We aim to:
- encourage pupils to study living organisms and processes in a scientific manner
- balance subject knowledge with the development of investigative skills
- give pupils opportunities to design, carry out and evaluate practical experiments using a very wide variety of laboratory apparatus
- emphasise the importance of health and safety in the laboratory setting to ensure the wellbeing of all pupils and staff working there
Staff and facilities
Five recently-refurbished dedicated Biology laboratories are available, as well as a Sixth Form teaching room. Each laboratory is extremely well-equipped, containing all basic laboratory apparatus and a variety of specialist equipment. All rooms have integrated PCs, projectors and whiteboards.
The Biology department staff consists of six full-time teachers, two part-time teachers and three highly-qualified technicians.
Subject time per 10-day cycle
Lower School – three lessons (three hours) with up to an hour of homework in total
GCSE – five lessons with two hours of homework
A-level – 10 lessons with additional individual study in Lower Sixth, 11 in Upper Sixth
Biology in the Lower School
In the first three years Biology is taught as a separate science. Pupils are introduced to the world of living organisms and cover many of the basic topics that are fundamental to the study of Biology.
- cells and microscopy
- organs and organ systems
- human reproduction
- inheritance and selection
- forensic science
- variety of living organisms and classification
- nutrient cycles
- food chains and food webs
- movement, exercise, diet and healthy lifestyle
- infectious diseases and defense against disease
- basic biochemistry
- diffusion and osmosis
- diet and digestion
- gaseous exchange
Pupils are encouraged to study living organisms and processes in a scientific manner. Topics are taught balancing subject knowledge with the development of investigative skills, including opportunities to design, carry out and evaluate practical experiments. These are an integral part of our science teaching and include the use of standard laboratory apparatus as well as more subject specific equipment such as microscopes.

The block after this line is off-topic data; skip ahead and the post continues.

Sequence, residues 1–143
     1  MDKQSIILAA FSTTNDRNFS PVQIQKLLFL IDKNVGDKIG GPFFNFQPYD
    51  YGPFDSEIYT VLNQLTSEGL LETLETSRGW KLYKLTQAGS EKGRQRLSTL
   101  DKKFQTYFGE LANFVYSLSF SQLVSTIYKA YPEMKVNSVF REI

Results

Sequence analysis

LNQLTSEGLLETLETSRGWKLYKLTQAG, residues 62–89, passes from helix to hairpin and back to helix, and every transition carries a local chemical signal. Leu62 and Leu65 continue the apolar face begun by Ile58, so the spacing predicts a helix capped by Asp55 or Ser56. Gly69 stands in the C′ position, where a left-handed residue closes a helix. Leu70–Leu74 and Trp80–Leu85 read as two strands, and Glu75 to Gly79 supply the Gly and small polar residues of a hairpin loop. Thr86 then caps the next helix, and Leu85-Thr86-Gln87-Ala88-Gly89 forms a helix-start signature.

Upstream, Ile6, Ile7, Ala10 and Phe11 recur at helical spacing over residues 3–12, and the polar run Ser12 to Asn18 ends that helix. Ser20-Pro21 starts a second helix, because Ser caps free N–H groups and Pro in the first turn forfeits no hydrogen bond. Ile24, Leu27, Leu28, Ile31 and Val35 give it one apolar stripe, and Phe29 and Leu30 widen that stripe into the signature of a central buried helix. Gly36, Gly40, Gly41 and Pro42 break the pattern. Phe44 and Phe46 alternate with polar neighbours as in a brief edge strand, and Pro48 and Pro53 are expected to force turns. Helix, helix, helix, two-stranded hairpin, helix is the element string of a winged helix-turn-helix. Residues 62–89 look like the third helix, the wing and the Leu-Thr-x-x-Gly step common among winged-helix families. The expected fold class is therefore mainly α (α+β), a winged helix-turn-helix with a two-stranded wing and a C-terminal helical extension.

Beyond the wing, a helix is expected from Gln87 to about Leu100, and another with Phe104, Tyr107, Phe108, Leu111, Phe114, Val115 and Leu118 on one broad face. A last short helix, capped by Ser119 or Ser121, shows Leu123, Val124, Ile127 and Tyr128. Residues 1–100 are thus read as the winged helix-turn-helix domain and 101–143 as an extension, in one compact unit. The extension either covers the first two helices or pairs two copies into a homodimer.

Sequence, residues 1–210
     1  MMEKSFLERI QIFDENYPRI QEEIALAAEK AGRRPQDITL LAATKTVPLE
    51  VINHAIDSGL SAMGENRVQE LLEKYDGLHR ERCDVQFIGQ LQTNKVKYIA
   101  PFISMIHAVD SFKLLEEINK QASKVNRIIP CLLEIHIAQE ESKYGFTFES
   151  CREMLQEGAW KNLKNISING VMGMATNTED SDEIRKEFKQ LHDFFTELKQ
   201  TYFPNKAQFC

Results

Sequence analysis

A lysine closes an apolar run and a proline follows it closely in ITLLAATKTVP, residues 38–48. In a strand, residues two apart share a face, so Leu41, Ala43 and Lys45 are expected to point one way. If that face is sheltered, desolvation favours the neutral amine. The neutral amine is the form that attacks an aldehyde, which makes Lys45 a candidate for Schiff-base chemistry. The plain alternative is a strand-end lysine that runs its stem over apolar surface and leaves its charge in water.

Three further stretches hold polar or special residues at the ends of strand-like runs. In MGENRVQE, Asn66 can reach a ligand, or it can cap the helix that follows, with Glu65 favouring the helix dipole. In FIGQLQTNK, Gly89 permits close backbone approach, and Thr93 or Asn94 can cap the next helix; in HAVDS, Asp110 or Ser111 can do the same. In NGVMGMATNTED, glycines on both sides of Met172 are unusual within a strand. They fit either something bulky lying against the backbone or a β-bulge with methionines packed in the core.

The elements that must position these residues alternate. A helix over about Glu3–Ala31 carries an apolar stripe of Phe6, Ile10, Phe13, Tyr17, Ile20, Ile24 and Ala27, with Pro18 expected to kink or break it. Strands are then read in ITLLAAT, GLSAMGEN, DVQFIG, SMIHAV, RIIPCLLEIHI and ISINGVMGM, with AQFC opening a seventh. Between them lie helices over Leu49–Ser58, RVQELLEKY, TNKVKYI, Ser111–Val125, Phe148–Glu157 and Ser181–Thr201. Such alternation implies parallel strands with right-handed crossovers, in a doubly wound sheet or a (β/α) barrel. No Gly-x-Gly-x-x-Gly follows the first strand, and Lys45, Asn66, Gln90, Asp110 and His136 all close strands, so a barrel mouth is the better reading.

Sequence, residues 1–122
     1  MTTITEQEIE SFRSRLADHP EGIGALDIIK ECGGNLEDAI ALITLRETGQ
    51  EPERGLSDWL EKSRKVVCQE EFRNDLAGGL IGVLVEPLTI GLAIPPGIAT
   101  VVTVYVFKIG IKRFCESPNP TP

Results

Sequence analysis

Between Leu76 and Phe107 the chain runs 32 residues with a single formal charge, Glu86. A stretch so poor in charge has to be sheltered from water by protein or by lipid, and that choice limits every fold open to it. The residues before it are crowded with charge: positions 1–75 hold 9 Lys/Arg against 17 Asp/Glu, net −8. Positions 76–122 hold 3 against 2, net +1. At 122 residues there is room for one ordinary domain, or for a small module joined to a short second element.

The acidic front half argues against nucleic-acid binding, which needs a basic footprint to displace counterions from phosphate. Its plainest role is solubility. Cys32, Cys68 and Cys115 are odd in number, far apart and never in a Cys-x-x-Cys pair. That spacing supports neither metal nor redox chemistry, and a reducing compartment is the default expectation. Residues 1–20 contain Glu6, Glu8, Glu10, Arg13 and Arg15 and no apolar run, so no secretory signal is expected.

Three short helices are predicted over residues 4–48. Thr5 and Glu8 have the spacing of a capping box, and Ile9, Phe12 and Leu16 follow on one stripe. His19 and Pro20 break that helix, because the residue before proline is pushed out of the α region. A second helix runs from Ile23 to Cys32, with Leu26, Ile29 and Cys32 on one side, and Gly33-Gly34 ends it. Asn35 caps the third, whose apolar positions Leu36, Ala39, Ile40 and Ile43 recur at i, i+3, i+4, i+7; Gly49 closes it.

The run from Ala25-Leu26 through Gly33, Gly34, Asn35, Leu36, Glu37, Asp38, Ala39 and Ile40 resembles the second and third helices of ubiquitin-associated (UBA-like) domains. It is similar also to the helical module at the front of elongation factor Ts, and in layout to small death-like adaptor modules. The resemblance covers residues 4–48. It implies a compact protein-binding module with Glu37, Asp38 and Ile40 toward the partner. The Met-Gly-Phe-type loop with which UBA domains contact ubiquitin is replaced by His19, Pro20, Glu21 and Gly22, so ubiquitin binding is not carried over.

Biology further up the school
At GCSE we follow the Edexcel IGCSE specification which enables students to:
- acquire knowledge and understanding of biological facts, concepts and principles
- develop an appreciation of the significance of biological facts, concepts and principles and the skills needed for their use in new and changing situations
- appreciate the importance of accurate experimental work to scientific method and reporting
- form hypotheses and design experiments to test them
- sustain and develop an enjoyment of, and interest in, the study of living organisms
- evaluate, in terms of their biological knowledge and understanding, the benefits and
- drawbacks of scientific and technological developments, including those related to social,
- environmental and economic issues
The design of the course provides a basis for progression to further study in GCSE and A-level Biology.
Studying Biology at Advanced level helps lay the foundations for further study and careers in biological sciences. It is also essential for pupils wishing to study medicine, veterinary medicine or dentistry.